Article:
http://www.politico.com/story/2015/02/obama-vaccines-views-suspicious-114837.html

 

 


Fwd: Cancer

'One in two people in the UK will be diagnosed with cancer at some point in their lives, analysis suggests.

Cancer Research UK said this estimate, using a new calculation method, replaced a forecast of more than one in three people developing the disease.

It said longer life expectancies meant more people would be affected.

But it was not inevitable and improving lifestyle, such as losing weight and quitting smoking, could have a major impact, the charity added.

The good news is cancer survival figures are also rising.

The seemingly sudden jump in diagnosis estimates is down to researchers developing a more sophisticated and accurate method for analysing the risk of cancer.

However, both the new and old methods show the same long-term trend - a rise in the lifetime risk of developing cancer.

Nearly 54% of men will develop cancer, compared with just under 48% of women, the figures indicate.


Food pipe tumours

Fewer deaths from heart disease and infections mean more people are living long enough to develop cancer.

But lead researcher Professor Peter Sasieni, from Queen Mary University of London, said: "It isn't inevitable.

"There is quite a lot we can do to prevent cancer and hopefully in many years' time I'll have been proven completely wrong."

He is referring to lifestyle factors including obesity, red meat consumption and smoking that increase the odds of a tumour developing.

Lung cancer cases are still increasing in women

Breast cancer is likely to remain the most common cancer among women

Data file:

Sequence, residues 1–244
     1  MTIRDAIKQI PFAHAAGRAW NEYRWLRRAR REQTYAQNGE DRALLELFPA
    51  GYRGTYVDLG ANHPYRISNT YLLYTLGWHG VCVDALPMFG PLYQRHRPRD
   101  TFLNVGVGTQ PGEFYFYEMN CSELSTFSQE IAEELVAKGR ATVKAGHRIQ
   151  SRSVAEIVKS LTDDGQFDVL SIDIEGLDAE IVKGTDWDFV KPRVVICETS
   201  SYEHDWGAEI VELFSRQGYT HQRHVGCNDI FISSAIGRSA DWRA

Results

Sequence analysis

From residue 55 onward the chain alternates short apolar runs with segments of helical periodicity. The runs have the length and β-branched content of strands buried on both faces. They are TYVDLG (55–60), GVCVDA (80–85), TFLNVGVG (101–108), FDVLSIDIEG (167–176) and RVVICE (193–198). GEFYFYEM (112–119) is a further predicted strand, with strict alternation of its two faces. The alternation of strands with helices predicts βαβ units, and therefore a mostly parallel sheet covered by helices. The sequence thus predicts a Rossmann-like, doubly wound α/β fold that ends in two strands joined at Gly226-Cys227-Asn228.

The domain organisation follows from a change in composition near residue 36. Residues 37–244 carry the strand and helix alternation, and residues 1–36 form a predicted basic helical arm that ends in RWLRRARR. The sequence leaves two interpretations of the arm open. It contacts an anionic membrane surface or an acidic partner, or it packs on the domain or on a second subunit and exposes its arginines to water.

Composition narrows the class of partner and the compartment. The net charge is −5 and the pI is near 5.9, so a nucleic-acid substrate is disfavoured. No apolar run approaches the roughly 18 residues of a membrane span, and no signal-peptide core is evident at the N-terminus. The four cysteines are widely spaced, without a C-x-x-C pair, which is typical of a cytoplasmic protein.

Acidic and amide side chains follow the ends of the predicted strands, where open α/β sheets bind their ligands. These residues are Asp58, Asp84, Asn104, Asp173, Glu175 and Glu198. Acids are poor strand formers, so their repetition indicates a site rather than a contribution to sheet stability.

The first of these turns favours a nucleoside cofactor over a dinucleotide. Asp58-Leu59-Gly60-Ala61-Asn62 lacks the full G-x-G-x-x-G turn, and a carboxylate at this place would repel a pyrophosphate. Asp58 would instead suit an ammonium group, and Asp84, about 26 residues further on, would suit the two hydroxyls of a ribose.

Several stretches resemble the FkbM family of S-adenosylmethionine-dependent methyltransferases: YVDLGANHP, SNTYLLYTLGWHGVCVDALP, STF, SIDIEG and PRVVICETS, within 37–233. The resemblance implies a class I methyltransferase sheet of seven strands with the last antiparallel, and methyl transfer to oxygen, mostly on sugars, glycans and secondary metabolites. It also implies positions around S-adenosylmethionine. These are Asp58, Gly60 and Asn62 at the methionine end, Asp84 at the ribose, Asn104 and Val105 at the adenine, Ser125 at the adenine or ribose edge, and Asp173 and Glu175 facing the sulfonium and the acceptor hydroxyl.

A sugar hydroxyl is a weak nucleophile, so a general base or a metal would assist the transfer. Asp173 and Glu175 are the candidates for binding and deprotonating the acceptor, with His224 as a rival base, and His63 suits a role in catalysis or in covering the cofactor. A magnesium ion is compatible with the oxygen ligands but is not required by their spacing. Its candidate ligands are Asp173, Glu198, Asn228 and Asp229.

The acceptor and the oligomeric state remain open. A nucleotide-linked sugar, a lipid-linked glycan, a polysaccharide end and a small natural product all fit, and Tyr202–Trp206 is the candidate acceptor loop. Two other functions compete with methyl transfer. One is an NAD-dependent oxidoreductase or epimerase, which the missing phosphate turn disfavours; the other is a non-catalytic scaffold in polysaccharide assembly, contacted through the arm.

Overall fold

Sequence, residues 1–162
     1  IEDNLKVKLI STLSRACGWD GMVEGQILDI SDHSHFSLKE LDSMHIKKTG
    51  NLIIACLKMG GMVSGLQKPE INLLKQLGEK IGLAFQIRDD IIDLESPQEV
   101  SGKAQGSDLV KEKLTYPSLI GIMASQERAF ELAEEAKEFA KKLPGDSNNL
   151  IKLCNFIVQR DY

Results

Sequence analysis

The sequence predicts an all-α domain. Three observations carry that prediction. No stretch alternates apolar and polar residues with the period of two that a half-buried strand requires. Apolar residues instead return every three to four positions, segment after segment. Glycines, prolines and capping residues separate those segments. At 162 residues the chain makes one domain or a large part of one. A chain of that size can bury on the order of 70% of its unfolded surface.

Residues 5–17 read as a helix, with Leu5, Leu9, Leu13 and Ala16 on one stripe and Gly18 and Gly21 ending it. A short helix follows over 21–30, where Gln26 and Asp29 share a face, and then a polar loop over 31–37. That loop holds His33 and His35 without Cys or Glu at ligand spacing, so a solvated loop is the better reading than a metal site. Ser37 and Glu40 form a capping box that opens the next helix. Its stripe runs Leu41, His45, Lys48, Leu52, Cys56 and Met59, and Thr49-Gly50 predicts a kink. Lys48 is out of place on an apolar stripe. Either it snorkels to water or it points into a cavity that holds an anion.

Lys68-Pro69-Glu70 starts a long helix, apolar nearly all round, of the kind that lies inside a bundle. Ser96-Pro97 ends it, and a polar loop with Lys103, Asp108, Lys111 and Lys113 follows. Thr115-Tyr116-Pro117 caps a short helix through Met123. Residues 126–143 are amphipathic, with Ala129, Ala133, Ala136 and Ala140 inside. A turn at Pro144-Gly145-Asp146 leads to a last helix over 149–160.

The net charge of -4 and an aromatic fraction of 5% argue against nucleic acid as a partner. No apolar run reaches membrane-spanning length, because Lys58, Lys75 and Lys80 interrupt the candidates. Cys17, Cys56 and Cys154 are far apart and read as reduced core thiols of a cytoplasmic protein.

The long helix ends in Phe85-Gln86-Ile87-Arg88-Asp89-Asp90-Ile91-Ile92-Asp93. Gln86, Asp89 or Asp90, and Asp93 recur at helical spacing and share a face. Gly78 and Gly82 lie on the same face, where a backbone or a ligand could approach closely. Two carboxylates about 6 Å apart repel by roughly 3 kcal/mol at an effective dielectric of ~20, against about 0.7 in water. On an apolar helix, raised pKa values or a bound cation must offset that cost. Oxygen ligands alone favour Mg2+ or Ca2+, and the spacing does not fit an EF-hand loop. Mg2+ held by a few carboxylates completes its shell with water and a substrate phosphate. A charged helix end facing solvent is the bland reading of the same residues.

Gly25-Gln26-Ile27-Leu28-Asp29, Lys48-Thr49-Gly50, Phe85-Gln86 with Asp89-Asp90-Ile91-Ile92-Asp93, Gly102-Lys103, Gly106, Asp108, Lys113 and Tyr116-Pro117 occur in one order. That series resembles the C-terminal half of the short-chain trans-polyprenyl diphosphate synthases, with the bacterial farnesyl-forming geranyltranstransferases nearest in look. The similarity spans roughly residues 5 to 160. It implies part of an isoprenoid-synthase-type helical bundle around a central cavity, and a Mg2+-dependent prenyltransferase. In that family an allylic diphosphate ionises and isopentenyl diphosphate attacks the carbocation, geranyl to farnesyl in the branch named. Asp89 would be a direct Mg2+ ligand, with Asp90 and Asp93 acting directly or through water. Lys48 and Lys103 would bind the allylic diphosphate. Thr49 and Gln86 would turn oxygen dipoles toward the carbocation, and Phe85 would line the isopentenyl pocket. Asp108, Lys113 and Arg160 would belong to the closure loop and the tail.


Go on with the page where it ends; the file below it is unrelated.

He told the BBC that a healthy lifestyle could lower the lifetime risk from 50% to 30%.

Breast and prostate cancers are likely to remain the most common cancers in women and men respectively.

However, some cancers are rapidly becoming more common.

Tumours in the food pipe, caused by acid reflux in obesity, are being seen more often in clinics.


Head and neck cancers caused by the human papillomavirus are increasing and oral sex is thought to be behind the rise.

'Milestone'

Dr Harpal Kumar, the chief executive of Cancer Research UK, said: "We have reached what many would regard as an important milestone.

"We need to plan ahead to make sure the NHS is fit to cope, if the NHS doesn't act and invest now, we will face a crisis in the future - with outcomes from cancer going backwards."'

http://www.bbc.com/news/health-31096218


Sunday, February 1, 2015

Fwd: Muscle

'Researchers have grown human skeletal muscle in the laboratory that, for the first time, contracts and responds just like native tissue to external stimuli such as electrical pulses, biochemical signals and pharmaceuticals. The development should soon allow researchers to test new drugs and study diseases in functioning human muscle outside of the human body.'

Fwd: Muscle

'Scientists have discovered that ordinary fishing line and sewing thread can be cheaply converted to powerful artificial muscles. The new muscles can lift a hundred times more weight and generate a hundred times higher mechanical power than the same length and weight of human muscle. Per weight, they can generate 7.1 horsepower per kilogram, about the same mechanical power as a jet engine.'